The model is a linear regression of mortgage rate discounts against a range of explanatory variables. We limit the analysis to mortgages from the major banks as SVR data are limited for smaller lenders and their pricing behaviour may be different (particularly for non-banks). One challenge with modelling discounts using the Securitisation Dataset is that the data includes a large number of potentially relevant variables which makes variable selection difficult. Rather than just including all possible variables, the choice of variables in the model is based on economic theory and was crosschecked by using Lasso (least absolute shrinkage and selection operator) regressions.[15] Furthermore, as the dataset includes a very large number of loans, the regression results suggest that most coefficients are statistically significant and we need to be careful not to overstate the economic significance of some of the results. The results should also be interpreted with the possibility that there may be selection biases; discounts are conditional on a borrower accepting a mortgage offer (and that mortgage being securitised).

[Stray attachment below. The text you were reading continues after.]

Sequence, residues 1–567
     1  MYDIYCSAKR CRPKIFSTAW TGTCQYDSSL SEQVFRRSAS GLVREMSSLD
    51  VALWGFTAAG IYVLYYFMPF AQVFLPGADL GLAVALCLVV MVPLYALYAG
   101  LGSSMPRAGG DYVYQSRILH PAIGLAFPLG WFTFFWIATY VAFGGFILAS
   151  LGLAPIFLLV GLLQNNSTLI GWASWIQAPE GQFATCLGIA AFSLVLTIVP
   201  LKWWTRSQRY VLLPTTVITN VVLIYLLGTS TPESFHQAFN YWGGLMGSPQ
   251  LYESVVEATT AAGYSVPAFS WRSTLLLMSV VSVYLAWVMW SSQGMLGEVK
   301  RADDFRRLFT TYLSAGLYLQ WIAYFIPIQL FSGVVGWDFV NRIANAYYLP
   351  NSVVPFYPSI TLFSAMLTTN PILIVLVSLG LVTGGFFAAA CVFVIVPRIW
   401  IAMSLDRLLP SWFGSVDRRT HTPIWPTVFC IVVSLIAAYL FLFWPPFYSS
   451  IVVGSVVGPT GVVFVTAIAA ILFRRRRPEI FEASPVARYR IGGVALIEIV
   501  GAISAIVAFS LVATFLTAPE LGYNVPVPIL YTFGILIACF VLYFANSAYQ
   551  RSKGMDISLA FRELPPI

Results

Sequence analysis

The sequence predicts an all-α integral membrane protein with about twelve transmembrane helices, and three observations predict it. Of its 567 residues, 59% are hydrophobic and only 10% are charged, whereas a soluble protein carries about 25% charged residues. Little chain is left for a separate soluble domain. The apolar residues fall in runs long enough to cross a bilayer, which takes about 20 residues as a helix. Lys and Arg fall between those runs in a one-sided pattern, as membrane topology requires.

Variables that are associated with larger discounts have positive coefficients, while variables with negative coefficients are associated with smaller discounts. Dummy variables are included to capture any differences across institutions; for example, SVRs may vary across institution. Dummy variables are also included for the state or territory the property is located, with the coefficients very small for most regions. The coefficients on the categorical variables such as loan type and loan purpose are interpreted relative to the base category. For example, the model suggests relative to owner-occupier P&I loans, discounts for owner-occupier IO loans are around 9 basis points smaller. A squared term is included for approval amount to capture any non-linear relationship. There is also an interaction term between original LVR and whether the loan has an LVR over 80 per cent as a discontinuity in discounts is expected for loans with LVRs over 80 per cent.

Footnotes

The authors are from Domestic Markets Department. [*]

For more information about RMBS, see Arsov, Kim and Stacey (2015). [1]

For more details, see Aylmer (2016) and <https://www.rba.gov.au/mkt-operations/resources/tech-notes/eligible-securities.html>. [2]

More detail on permitted users, data access and reporting templates is available at <https://www.rba.gov.au/securitisations/> and <http://www.securitisation.com.au/standards>. [3]